Movie Review: Kubo and the Two Strings
(Rated PG for thematic elements, scary images, action and peril )
In the last 7 years, I was surprised to find my love for animation studios within the United States, taking a crazy detour.
Though I had been a huge fan of PIXAR Animation Studios during the early 2000’s, I soon became enamored by a smaller studio located in Oregon, by the name of Laika.
Founded in 2005 by Travis Knight (son of Nike CEO Phil Knight), the studio would soon attempt the impossible, when they decided to become a production house, specializing in stop-motion animated features.
2009 saw the release of the film Coraline, which became one of my favorite films of that year (sorry people, Up just didn’t feel as satisfyingly ‘whole’ as Coraline to me).
Since then, we’ve seen that Laika is a studio that isn’t afraid to scare people, or even delve into some of the darker sides of human nature. This was evident in their last feature films, Paranorman, and The Boxtrolls.
Though the studio’s productions have not made the kinds of money that other big-name animation studios have, their methods of making a film based on quality work mixed with unique stories, has often made me eager to keep coming back for more.
When it was announced that Mr Knight (who had been a lead animator on previous Laika productions) was actually going to direct Kubo and the Two Strings, I was immediately on board (plus, how many times do you hear of a company’s CEO also directing a film for his company!?).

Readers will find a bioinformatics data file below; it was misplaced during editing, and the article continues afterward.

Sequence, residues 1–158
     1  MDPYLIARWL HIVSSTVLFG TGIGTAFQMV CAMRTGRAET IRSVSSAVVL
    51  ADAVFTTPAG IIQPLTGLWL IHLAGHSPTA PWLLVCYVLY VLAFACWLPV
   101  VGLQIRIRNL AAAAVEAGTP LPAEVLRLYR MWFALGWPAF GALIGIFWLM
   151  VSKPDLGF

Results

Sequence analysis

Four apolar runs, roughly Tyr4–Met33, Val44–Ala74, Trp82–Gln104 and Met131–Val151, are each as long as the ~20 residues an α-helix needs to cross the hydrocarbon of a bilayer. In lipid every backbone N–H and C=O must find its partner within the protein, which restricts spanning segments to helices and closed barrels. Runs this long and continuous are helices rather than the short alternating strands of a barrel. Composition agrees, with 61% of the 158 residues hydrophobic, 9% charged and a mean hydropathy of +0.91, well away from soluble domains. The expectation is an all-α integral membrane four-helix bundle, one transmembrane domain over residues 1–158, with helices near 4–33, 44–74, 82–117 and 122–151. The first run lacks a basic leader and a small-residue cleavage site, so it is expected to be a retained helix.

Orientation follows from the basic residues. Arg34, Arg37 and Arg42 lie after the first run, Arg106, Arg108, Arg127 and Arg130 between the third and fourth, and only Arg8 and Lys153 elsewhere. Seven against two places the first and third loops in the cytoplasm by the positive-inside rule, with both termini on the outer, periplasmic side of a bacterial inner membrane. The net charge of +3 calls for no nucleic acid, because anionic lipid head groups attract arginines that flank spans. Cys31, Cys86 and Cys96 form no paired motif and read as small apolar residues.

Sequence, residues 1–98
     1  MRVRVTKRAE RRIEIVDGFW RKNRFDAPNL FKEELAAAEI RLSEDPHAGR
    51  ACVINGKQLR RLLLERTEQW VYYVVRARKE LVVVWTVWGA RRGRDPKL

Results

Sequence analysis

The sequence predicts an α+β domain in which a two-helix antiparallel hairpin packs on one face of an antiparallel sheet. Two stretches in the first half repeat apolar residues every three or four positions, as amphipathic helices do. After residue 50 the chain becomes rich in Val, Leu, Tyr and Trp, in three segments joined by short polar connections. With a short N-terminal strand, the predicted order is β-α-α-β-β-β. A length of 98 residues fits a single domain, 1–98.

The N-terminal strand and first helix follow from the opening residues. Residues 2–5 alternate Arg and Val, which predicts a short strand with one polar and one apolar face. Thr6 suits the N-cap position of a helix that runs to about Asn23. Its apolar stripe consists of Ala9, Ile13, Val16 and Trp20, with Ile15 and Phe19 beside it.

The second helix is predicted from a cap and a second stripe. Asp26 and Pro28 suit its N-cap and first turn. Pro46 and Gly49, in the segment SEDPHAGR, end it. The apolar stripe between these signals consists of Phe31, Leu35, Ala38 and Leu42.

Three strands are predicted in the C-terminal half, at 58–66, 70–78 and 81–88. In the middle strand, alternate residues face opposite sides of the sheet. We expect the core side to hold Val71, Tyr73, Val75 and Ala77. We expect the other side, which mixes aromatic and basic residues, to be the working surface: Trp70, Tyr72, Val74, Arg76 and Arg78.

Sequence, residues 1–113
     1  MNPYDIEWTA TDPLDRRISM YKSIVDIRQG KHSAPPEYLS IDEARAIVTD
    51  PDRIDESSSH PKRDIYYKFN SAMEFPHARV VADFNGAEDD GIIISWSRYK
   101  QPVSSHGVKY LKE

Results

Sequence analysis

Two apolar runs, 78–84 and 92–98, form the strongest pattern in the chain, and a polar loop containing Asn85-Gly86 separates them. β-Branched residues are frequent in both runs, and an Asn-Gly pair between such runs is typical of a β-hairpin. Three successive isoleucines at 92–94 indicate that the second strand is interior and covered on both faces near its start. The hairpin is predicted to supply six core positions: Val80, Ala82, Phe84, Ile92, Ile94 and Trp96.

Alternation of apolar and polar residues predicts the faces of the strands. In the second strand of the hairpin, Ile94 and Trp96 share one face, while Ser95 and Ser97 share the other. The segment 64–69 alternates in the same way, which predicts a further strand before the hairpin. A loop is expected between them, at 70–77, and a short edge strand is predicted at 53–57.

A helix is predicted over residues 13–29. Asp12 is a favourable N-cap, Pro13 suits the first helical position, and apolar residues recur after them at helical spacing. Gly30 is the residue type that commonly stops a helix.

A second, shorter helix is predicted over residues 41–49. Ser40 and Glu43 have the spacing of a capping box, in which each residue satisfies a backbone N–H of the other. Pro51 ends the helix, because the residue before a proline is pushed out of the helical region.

The film centers around a young boy named Kubo (Art Parkinson), who lives high above a small seaside village, with his mother.
One day, apparitions from his family’s past appear, causing Kubo to flee far away. It is then that he finds he must go on a quest to find an ancient suit of armor, that can possibly protect him from those that are pursuing him.
Accompanying him on his journey, are a talking monkey (Charlize Theron), and a man/bug/warrior named Beetle (Matthew McConaughey).
In a talk with Travis Knight following a screening of Kubo I attended, he told interviewer Steve Prokopy (aka “Capone” from Aintitcoolnews), that he hoped that the studio could make a stop-motion feature in each genre, and it looks like Kubo has filled the slot for a Samurai film.
Much of the film takes its visual cues from Japan, with a number of settings and scenes, stylized around classic Japanese art prints, and sword-and-sandal pictures. Travis Knight also adds in some intimidating monsters to the quest, with a few seeming to be inspired by the creations of Ray Harryhausen.
For much of the film, Kubo mainly plays his three-stringed shamisen, which is soon shown to help unleash special powers he has. His first use of it to make origami figures come to life, is one of the most fun scenes I’ve seen all summer (almost making me wish that origami figures could spring to life so easily). Of course, the young man soon finds out that his powers can be utilized in other ways, too.